I use EM too and my class is very similar to yours! I don't make tool kits for my class. I have pennies counted out in groups of 20 and put in individual containers. When we need them, I pass them out. I keep the calculators aside and do the same thing. The one thing my kids need and depend upon are the 100 grids. And even these are at the front of the room on a table and are passed out when needed. I do most lessons whole class--even many journal pages---and I write the answers on the board---AND THEY STILL CAN'T FOLLOW ALONG! So, sadly, I think some of it is the makeup of my class (and maybe yours) and some of it is the EM program. (see my post about math program further down) I'm hoping our district will choose a more developmentally appropriate program.
Good luck!



Are you new to Everyday Math? If yes, stick with it and you will see the results. At first I thought that EM was out there, now I love it. It is all about the process and it really allows the kids to learn why they got the answers they did not just how to find the answer! Math kits--Go to your local bank and get the bank bags with the zippers for each student. As kids make game pieces they add to it, as well as each bag has a calculater, ruler, etc etc. Assign each student a number and write the numbers with a Sharpie on each bag.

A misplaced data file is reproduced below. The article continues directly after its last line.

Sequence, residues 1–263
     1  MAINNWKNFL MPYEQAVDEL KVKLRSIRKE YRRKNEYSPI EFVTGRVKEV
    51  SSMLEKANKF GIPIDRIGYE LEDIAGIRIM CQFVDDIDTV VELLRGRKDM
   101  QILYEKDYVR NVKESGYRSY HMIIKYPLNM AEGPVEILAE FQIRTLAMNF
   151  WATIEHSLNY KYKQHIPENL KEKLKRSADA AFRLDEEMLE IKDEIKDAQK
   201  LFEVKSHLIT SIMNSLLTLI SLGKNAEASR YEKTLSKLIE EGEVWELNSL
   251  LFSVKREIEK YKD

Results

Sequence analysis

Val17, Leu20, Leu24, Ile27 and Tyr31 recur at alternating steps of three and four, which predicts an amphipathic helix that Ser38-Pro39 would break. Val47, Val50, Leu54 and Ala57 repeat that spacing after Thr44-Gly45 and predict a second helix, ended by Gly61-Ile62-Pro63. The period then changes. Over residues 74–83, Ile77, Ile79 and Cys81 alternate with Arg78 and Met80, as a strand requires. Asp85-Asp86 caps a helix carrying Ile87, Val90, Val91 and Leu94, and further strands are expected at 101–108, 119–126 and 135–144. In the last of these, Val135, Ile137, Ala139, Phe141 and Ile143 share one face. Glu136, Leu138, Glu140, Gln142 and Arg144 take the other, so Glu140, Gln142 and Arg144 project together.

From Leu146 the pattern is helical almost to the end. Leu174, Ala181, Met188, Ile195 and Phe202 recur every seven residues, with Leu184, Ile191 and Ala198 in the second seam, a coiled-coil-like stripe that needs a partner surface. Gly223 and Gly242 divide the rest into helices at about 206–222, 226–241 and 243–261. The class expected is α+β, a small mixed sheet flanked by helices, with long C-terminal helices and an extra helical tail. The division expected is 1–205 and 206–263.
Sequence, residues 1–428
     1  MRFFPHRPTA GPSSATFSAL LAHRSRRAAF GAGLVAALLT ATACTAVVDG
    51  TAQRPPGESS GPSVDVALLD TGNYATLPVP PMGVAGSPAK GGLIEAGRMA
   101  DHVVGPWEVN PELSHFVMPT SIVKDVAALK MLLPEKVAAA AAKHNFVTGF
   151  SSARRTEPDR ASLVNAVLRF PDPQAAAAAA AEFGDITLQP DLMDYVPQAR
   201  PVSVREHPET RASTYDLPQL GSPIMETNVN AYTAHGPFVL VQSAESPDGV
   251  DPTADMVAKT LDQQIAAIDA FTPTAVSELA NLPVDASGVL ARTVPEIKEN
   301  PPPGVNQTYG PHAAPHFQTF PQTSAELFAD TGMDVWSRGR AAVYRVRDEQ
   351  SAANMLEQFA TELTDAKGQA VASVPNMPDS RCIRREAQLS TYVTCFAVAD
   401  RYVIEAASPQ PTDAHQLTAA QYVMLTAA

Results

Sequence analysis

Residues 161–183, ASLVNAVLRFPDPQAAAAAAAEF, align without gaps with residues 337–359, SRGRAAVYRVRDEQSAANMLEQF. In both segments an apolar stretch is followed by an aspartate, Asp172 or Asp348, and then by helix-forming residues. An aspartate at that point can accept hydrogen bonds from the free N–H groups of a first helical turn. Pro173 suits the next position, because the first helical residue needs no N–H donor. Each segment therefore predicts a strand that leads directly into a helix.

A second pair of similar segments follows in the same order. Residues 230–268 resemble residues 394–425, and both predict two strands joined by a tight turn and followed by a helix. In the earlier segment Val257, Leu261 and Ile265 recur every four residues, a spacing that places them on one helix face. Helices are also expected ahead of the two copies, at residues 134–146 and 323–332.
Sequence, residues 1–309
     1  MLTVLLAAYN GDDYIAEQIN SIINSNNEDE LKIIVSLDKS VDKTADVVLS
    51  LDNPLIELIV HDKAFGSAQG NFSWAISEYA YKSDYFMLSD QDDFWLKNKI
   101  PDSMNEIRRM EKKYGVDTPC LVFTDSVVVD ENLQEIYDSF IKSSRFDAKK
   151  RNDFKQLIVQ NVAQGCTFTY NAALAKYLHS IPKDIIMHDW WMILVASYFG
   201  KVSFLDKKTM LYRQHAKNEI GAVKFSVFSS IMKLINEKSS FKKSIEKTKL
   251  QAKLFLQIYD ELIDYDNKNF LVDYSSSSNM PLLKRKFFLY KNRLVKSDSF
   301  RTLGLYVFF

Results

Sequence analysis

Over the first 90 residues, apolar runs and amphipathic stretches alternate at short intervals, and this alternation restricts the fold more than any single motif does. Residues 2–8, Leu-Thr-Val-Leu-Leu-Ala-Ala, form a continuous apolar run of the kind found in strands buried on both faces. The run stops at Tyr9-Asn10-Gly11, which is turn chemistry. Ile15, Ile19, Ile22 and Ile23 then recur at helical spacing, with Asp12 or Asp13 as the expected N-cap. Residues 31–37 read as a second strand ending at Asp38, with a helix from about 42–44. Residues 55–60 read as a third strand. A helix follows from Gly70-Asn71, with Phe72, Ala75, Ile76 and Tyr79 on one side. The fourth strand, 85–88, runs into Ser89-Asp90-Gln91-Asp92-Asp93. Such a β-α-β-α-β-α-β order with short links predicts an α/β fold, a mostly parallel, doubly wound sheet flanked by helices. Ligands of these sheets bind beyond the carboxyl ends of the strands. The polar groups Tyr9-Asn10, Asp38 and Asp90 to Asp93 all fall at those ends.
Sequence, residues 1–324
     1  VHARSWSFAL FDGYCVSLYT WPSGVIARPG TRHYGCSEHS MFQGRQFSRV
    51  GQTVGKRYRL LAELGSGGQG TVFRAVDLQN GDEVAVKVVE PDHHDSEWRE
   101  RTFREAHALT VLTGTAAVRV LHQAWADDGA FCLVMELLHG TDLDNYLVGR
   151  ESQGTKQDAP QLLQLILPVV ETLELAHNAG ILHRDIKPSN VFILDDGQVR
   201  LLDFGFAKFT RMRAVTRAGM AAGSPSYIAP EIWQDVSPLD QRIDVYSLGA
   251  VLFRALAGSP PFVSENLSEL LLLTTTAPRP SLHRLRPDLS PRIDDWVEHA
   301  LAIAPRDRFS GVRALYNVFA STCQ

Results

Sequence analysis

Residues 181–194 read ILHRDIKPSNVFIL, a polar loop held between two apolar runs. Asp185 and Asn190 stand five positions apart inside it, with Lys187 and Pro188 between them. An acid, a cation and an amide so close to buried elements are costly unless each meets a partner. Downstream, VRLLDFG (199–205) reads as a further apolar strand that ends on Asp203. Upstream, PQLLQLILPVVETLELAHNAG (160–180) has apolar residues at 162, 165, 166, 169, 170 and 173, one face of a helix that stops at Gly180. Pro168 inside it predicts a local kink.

With everyday math, the math messages and the game parts are important. try to follow the Manual that came with EM, as it walks you right through each lesson.


Full Member
This is my second year with EM

I follow the directions, and I follow along with the cues listed in the Teacher's Manual. But when presenting it to the class, I'm always wondering, "Is this making sense to them?". I distribute the materials as the manual suggests; I even use the overhead manipulatives. The problem is as soon as they get the pieces in their hands, they don't pay attention! I've tried holding off on the manipulatives until we've first had a chance to go through some of the exercises, but sometimes it's not always possible for students to get the full understanding of what I'm doing unless they are doing it also.